Justice Conchita Carpio-Morales quotes Justice Douglas in her dissenting opinion: “A director is a fiduciary … Their powers are powers in trust … He who is in such fiduciary position cannot serve himself first and his cestuis second … He cannot manipulate the affairs of his corporation to their detriment and in disregard of the standards of common decency.”

Ignoring historical and factual evidence, the court also ruled that the government had failed to prove that Cojuangco was a Marcos crony.

Morales said the majority decision was “the biggest joke to hit the century.”

On Tuesday, the magistrates affirmed their April 12 ruling and dismissed a motion for reconsideration filed by lawyers of the farmers and the PCGG.

Farmers’ lawyers have expressed apprehension that the latest ruling would adversely affect the CIIF-SMC shares whose holders had been given the burden of proving ownership under the Sandiganbayan’s ruling in 2004.

San Miguel gains

In the Supreme Court resolution on the conversion of the CIIF shares from common to preferred the farmers have been set back. The current stock value had already doubled from the preferred issue price of P75 per share.

“Can you go back to the PCGG and tell them, look you made a mistake and now we are going to charge you with plunder,” said Joey Faustino, executive director of the Coconut Industry Reform (COIR) Movement.  “You can’t do that because it was the Supreme Court that practically ordered them to do it.”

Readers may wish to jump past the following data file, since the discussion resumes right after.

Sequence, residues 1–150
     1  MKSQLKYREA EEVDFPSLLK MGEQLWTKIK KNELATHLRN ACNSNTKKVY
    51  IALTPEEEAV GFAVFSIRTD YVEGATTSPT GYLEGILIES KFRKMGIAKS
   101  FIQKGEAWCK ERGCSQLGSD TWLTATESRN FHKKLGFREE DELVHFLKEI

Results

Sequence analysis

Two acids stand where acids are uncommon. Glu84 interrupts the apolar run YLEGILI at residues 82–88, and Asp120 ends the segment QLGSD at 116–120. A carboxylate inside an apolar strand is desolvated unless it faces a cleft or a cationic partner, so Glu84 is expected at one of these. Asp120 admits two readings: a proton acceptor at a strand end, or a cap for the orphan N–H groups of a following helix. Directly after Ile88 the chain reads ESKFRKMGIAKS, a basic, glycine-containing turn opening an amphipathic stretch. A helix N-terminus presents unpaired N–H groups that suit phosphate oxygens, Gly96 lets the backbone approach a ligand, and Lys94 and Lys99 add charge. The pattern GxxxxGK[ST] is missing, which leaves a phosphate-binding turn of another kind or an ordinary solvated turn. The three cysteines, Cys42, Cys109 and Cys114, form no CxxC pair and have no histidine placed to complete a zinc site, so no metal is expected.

San Miguel, where Cojuangco is board chair and CEO, was certainly the winner in the deal.

It wasn’t the first time under the previous Arroyo administration that the interest of the farmers had been undermined.

The Yorac initiative

In 2003, the late Haydee Yorac, then PCGG chair, wangled a deal that recovered P700 million from state companies set up using coconut levy funds. The amount represented redeemable shares in UCPB. The bank’s idealistic young directors who had taken over from the Marcos-era officials wanted to use the money to help the coconut farmers.

Then President Gloria Macapagal-Arroyo, who was facing election in the following year, suggested that P1,000 be distributed to each farmer from the amount—Marie Antoinette declaring starving Parisians should eat cake. Yorac nixed the proposal.

“It was just like buying votes and it would end just there. There would be no continuity,” said Faustino, who was then a UCPB director who was trying to sell to Arroyo a marketing scheme beneficial to the farmers.

Eventually, the money was used to set up cooperatives that would buy copra directly from the farmers and sell it to oil mills, eliminating middlemen. Some 250 cooperatives were set up, but only five survived as entrenched traders saw to it that they remained dominant.